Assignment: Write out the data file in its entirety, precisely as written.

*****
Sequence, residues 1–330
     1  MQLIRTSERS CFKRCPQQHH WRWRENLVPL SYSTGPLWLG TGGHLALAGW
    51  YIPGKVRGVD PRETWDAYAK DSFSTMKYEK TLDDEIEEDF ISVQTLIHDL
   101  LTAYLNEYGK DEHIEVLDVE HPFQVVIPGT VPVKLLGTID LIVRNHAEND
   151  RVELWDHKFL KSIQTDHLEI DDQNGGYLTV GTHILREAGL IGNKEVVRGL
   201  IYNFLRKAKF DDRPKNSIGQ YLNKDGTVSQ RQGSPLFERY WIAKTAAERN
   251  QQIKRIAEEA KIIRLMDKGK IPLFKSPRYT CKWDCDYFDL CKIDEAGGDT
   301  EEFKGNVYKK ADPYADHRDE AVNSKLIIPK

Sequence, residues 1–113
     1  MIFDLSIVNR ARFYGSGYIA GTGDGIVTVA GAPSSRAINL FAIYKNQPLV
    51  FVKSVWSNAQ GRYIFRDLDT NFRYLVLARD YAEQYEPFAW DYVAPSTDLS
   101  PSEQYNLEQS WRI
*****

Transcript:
Sequence, residues 1–330
     1  MQLIRTSERS CFKRCPQQHH WRWRENLVPL SYSTGPLWLG TGGHLALAGW
    51  YIPGKVRGVD PRETWDAYAK DSFSTMKYEK TLDDEIEEDF ISVQTLIHDL
   101  LTAYLNEYGK DEHIEVLDVE HPFQVVIPGT VPVKLLGTID LIVRNHAEND
   151  RVELWDHKFL KSIQTDHLEI DDQNGGYLTV GTHILREAGL IGNKEVVRGL
   201  IYNFLRKAKF DDRPKNSIGQ YLNKDGTVSQ RQGSPLFERY WIAKTAAERN
   251  QQIKRIAEEA KIIRLMDKGK IPLFKSPRYT CKWDCDYFDL CKIDEAGGDT
   301  EEFKGNVYKK ADPYADHRDE AVNSKLIIPK

Sequence, residues 1–113
     1  MIFDLSIVNR ARFYGSGYIA GTGDGIVTVA GAPSSRAINL FAIYKNQPLV
    51  FVKSVWSNAQ GRYIFRDLDT NFRYLVLARD YAEQYEPFAW DYVAPSTDLS
   101  PSEQYNLEQS WRI